He was quickly hired by Meadowbrook Insurance Group, where he now holds the title of systems administrator, level 2. The company is headquartered in Southfield, Michigan, and currently operates about thirty offices nationwide; Bush works out of the Columbus, Ohio, office, where he supports around 200 users and manages many of the 80 physical and more than 200 virtual servers.
That emphasis on skills and experience rather than formal education isn’t unique to sysadmins or the IT industry, says Jason Hand, DevOps evangelist and incident and alerting specialist with collaborative incident management software company VictorOps. As sysadmin roles evolve, the education system hasn’t kept pace, and so having that real-world experience is even more critical to a candidate’s success, he says.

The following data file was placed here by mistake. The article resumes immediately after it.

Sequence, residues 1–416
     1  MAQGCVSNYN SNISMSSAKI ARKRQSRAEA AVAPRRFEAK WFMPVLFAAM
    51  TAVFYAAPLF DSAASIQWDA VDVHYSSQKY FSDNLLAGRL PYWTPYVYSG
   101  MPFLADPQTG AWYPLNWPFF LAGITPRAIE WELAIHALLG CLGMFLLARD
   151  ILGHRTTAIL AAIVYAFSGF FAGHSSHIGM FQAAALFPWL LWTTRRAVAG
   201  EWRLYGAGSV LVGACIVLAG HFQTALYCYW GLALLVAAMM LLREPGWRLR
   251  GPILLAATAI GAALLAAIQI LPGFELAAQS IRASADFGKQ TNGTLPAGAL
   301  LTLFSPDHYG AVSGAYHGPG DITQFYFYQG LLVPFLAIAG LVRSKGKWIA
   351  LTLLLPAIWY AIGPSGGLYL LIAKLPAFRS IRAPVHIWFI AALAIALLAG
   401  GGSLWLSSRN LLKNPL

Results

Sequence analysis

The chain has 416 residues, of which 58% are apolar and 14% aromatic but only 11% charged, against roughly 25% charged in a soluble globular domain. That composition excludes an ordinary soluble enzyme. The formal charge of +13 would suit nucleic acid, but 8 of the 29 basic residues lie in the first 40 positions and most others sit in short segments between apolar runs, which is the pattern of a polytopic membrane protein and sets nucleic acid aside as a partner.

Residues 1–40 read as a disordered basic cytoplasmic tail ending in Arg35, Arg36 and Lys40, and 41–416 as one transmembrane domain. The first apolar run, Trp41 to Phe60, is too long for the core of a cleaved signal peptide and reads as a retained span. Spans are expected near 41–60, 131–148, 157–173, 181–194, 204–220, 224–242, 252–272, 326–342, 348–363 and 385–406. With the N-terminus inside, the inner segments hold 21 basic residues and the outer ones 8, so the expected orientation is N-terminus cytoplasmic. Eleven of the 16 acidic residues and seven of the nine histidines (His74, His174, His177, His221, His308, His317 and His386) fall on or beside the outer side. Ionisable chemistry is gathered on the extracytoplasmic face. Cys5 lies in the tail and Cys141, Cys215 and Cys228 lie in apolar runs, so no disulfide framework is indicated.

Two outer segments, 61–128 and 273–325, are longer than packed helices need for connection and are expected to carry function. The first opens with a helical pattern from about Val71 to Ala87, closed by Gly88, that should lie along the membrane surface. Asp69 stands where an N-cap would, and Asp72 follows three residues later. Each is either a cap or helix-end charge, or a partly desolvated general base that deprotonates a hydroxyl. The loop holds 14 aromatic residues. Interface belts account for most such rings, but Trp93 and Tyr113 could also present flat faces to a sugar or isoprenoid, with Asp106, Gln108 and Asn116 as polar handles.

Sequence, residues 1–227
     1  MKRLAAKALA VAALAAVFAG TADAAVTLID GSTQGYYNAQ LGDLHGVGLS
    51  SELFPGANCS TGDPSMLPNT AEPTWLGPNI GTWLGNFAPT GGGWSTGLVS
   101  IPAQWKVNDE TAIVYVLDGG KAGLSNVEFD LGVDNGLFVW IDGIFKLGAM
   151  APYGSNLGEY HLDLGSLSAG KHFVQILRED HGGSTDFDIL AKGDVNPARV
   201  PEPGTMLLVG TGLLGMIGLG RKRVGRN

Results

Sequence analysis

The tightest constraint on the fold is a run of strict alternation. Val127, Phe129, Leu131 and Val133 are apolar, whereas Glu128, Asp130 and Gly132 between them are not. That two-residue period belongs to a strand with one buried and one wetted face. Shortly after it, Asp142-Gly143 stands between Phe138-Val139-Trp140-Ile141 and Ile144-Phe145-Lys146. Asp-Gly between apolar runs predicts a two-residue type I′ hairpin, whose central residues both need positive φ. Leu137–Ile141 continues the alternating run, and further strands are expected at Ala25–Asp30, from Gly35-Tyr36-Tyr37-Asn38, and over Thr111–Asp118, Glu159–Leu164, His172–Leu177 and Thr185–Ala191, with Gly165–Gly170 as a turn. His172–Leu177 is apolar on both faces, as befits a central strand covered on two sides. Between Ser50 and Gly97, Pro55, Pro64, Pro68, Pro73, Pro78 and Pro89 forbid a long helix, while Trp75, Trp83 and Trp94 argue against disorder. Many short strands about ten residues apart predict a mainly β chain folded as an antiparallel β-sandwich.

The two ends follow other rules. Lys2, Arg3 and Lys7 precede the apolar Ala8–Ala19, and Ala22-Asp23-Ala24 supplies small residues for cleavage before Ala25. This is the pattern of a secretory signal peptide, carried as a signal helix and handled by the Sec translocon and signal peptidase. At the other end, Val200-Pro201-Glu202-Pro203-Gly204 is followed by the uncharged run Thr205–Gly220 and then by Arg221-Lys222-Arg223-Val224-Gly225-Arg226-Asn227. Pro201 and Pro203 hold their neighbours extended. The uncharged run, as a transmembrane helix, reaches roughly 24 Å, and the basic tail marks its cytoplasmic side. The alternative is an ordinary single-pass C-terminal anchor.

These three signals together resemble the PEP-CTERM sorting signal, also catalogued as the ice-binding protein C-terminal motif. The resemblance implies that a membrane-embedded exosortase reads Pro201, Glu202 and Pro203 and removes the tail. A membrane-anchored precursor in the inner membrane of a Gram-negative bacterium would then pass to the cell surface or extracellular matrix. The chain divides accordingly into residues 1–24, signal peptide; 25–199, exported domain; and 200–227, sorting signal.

“In my experience, even nowadays, having that formal education, even having certifications doesn’t help you as much as it used to, because so much of the success in the role can go back to cultural fit and experience. If we hire you, we’ll send you to training and make sure you know what tools we’re using, but what we’re looking for is whether or not you have a growth mindset; do you know agile, Lean, DevOps? Are you focused on continuous improvement, and delivering great service? Do you have great communication skills? These are much more valuable than knowing you spent six months mastering one topic,” Hand says.